The Standard Midlife Change Patterns
Here is an interesting truth 67% of people don’t change at all through midlife. The average person goes through midlife unknowingly, gets a small burst of extra energy, and then settles back to their old life.
Midlife patterns vary from culture to culture. I regularly work in 15 different countries, and I have found how a person expresses midlife changes from culture to culture. More restrictive cultures do mute down the midlife experience. This does mean I change my midlife teachings to match a person’s culture. This also means when partners come from different cultures, midlife does cause more problems between partners.
Strangely, even the more drastic midlife situations often circle back around to a person becoming a reflection of their old life. A midlifer may change partners, but their new life will often be similar to their old life. This truth means it is possible to save many midlife relationships provided you get help early enough in the process.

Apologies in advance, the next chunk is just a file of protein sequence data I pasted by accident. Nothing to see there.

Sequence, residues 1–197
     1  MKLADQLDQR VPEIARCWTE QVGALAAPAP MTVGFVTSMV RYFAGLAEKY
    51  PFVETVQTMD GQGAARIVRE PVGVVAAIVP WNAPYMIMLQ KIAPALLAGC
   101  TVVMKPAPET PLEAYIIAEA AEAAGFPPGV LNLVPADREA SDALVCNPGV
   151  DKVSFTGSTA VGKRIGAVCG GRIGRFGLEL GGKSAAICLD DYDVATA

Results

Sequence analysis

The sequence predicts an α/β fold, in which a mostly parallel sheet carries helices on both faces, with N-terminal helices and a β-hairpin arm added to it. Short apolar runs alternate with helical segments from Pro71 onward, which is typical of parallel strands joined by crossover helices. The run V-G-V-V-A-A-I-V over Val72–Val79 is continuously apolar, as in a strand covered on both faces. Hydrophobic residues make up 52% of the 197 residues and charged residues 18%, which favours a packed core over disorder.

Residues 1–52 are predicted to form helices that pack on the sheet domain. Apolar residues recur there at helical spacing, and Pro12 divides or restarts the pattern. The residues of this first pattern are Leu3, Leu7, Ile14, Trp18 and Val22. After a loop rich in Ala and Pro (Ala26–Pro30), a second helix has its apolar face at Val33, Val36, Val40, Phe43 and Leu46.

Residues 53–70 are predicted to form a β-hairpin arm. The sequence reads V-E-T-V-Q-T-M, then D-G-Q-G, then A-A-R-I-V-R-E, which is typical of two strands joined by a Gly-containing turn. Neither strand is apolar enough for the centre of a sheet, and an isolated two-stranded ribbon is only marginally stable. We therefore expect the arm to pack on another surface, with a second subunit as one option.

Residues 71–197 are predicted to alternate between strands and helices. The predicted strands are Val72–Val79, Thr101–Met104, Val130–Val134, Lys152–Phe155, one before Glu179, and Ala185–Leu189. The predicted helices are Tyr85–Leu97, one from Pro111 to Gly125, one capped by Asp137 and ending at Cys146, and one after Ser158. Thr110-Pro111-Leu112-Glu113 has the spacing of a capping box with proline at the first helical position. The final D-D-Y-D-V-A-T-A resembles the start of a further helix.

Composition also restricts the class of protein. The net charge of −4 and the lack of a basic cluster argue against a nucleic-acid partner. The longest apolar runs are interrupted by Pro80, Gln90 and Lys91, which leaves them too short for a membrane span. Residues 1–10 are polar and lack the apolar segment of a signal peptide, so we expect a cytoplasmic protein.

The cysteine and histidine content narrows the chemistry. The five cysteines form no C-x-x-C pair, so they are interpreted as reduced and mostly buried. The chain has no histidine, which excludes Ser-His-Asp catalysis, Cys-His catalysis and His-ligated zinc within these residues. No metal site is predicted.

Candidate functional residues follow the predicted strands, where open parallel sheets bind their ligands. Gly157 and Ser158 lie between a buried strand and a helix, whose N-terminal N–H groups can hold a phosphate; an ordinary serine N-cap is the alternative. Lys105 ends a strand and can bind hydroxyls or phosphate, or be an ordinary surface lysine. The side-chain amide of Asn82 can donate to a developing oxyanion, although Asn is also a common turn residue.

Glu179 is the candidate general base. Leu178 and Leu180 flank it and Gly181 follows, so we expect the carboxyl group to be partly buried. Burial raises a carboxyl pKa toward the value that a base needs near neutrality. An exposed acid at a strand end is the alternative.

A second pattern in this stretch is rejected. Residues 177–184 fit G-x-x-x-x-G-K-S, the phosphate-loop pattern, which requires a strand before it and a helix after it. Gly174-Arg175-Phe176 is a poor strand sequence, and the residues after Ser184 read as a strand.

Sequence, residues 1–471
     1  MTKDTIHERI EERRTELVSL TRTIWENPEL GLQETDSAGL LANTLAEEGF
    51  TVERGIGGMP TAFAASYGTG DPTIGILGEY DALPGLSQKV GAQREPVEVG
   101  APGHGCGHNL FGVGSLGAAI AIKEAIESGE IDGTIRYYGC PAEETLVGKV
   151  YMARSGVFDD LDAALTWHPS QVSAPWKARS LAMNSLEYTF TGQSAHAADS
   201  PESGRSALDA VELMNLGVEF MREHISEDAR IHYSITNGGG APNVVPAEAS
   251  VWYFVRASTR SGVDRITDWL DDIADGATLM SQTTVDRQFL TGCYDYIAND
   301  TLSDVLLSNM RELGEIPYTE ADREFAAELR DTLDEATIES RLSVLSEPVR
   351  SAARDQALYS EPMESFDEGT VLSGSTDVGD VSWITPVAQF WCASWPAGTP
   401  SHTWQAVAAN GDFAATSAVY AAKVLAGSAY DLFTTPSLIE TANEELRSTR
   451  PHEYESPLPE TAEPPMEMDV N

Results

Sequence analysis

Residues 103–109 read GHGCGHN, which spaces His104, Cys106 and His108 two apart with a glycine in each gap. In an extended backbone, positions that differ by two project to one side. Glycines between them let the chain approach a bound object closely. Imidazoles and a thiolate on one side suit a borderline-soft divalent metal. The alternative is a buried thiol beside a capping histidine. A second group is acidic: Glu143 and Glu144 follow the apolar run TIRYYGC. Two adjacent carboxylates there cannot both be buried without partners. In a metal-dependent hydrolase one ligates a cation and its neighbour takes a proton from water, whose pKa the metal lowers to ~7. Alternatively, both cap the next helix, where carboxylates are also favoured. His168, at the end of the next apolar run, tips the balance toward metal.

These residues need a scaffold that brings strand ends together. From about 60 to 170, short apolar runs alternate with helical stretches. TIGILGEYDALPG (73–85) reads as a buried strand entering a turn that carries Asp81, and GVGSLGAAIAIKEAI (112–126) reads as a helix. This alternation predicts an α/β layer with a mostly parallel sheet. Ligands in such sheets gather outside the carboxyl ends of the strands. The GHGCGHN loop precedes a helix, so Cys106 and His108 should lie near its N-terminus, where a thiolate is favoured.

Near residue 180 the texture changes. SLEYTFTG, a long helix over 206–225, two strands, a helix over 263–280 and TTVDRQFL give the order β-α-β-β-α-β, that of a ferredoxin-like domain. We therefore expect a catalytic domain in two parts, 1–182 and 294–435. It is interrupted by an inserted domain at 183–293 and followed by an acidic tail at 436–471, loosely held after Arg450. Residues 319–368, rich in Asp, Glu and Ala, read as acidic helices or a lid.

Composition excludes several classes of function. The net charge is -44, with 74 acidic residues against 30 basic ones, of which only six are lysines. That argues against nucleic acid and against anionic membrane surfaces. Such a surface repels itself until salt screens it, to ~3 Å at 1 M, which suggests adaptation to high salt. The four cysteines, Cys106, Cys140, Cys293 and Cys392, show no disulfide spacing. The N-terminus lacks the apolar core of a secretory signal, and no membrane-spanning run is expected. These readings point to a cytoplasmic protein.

Normal midlife transition is not a time of trouble: unless a person does nothing. Worst when a person actively resists their transition, the crisis that follows becomes the change a person is forced to make. Imagine an adolescent refusing to grow and the problems that would cause a teenager later in life. Midlife change is another growth point, much like adolescence in our life.
A Midlife Summary
I work with people on a case-by-case basis since each person is a unique tapestry of needs, past events needing resolution, different future goals, different mixes of partners, supporting past obligations: all mixed in the chaos of change. As a result, the process of aid is a delicate balance of patience and understanding.